Weather 'cost rural Britain £1bn'

Tom Heap in ice cream van The ice cream business has been hit hard

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This year's dreadful weather has cost rural Britain at least £1bn, according to an investigation by BBC One's Countryfile.

Data from farmers, tourist businesses, insurers and events organisers show the wettest summer for 100 years has hit the countryside hard.

Factors include reduced visitor numbers at countryside attractions such as stately homes and camp sites.

Meanwhile, some country events were cancelled due to bad weather.

Gary Rogers runs Yorkshire Dales Ice Cream but his fleet of vans have spent too much time in the yard.

His on-farm dairy has tubs stacking up in the freezer. When customers shiver profits melt away.

"It's been a catastrophic year, worse than anybody's known," he said. "We're 50% down on last year and last year was worse than the one before."

His personal experience is backed up by wider research. Information from tourist bodies like the National Trust, English Nature, Historic Scotland and the Camping and Caravanning Club shows visitor numbers down by up to 12%, cutting income by an estimated £478m.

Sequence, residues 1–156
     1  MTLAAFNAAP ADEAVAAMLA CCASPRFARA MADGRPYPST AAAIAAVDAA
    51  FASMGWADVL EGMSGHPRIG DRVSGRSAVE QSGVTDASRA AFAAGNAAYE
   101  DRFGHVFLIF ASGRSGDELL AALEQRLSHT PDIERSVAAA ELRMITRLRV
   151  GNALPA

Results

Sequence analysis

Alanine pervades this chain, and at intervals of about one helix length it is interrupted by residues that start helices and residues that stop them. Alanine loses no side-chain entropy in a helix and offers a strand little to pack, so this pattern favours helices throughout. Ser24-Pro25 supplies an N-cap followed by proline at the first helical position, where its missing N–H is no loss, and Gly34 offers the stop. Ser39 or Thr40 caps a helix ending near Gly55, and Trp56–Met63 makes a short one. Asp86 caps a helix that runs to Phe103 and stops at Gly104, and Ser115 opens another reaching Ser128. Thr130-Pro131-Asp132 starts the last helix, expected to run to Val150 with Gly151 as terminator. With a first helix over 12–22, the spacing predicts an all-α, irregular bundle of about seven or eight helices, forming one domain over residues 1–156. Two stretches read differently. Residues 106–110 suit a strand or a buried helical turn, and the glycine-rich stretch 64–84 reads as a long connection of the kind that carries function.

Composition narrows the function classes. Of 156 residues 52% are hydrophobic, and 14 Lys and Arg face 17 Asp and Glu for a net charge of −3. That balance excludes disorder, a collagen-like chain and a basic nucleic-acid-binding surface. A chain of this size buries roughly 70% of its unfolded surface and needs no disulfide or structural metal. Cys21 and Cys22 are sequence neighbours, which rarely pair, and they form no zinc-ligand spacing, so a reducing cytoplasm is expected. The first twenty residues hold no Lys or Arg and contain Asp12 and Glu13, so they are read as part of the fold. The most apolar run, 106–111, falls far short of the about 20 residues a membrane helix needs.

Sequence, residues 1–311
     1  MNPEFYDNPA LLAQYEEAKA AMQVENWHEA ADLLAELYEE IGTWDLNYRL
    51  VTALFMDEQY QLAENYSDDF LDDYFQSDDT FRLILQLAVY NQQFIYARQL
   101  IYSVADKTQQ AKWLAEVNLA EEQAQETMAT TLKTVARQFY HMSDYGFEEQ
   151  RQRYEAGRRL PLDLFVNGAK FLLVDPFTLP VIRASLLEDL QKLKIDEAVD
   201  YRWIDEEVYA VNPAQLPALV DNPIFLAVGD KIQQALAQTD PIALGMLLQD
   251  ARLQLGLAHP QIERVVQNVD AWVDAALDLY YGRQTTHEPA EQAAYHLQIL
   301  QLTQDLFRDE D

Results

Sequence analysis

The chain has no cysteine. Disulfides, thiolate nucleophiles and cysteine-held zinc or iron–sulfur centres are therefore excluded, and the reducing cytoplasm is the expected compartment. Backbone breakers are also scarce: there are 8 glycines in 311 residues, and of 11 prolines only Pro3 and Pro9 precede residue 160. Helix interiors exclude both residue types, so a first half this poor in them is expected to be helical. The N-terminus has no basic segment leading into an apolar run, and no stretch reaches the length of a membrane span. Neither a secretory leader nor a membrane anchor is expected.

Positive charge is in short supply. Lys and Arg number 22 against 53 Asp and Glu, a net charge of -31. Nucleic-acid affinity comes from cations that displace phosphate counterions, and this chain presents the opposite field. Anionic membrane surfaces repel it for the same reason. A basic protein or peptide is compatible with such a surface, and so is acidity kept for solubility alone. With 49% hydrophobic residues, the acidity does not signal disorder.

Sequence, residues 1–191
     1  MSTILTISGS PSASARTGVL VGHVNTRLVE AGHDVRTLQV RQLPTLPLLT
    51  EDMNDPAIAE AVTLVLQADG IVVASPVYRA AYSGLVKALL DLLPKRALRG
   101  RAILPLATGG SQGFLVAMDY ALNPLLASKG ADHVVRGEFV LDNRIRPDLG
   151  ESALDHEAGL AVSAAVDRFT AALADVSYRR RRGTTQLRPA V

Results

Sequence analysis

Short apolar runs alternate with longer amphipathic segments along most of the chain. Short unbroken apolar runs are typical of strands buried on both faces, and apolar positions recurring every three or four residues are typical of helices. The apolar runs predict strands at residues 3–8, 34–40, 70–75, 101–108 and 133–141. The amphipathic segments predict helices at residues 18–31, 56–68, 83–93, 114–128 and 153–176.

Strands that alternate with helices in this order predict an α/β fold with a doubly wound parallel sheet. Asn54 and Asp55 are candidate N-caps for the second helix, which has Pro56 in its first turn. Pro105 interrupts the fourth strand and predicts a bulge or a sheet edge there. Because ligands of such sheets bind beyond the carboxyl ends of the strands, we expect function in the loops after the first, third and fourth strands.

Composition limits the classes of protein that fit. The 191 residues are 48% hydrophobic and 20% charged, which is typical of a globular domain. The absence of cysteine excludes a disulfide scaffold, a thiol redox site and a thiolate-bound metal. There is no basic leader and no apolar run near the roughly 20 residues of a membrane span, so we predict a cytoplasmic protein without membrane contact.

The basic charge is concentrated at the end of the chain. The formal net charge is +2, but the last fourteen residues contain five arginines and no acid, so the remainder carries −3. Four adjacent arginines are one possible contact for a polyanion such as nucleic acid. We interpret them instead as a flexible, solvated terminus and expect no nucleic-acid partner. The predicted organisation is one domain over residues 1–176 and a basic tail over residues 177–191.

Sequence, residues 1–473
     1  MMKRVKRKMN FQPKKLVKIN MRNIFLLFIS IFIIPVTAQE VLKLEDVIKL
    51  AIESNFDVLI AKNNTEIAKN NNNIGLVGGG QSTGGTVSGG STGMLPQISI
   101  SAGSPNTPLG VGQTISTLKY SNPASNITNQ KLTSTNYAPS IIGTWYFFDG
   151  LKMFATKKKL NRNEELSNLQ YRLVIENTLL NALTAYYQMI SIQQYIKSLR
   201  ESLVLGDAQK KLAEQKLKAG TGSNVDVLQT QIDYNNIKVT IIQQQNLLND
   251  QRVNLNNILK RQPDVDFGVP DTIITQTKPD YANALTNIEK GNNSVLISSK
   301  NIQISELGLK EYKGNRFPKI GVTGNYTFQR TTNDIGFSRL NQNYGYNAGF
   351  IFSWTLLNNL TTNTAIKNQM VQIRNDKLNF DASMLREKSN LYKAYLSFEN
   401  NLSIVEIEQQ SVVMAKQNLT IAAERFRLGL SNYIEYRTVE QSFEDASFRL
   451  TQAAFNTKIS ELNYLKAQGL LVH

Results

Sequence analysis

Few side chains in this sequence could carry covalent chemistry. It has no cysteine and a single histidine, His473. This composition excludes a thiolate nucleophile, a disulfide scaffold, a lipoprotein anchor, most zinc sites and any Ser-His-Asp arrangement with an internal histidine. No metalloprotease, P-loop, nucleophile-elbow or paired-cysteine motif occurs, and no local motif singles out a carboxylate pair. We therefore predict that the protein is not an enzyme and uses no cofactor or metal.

A look at some of the flooding that hit the country (first broadcast July 2012)

A huge number of events have been cancelled too, from flagship gatherings like the Game Fair and the Great Yorkshire Show to smaller county shows and music festivals.

The Country Land and Business Association has put the bill for this at £240m, though this has not been included in Countryfile's total due to the difficulty of judging the overlap with the overall drop in visitor numbers.

Rotting crops

Gary's wife, Mandy Rogers, runs a beef herd alongside the dairy. She has seen costs rise as soggy fields mean damaged hooves and rising vet bills, but the biggest slice of new spending is buying in cattle feed as it is too wet to let her cows out to pasture.

"This year was just a mud-bath really," she says. "When they should have been eating grass, they were getting through a bale of silage a day."

The biggest loss to farmers though is in poor yields as crops rotted and damp-loving diseases spread.

The honey business was nearly cut in half. Even without the extra feed cost for livestock farmers, which is hard to calculate, the loss to agriculture approaches £600m.

Whether it is rambling or rearing animals, the USP of rural Britain is the outdoor life and this summer that life has been hard to make pay. The bill may yet spread to shoppers as poor harvests push up food prices.

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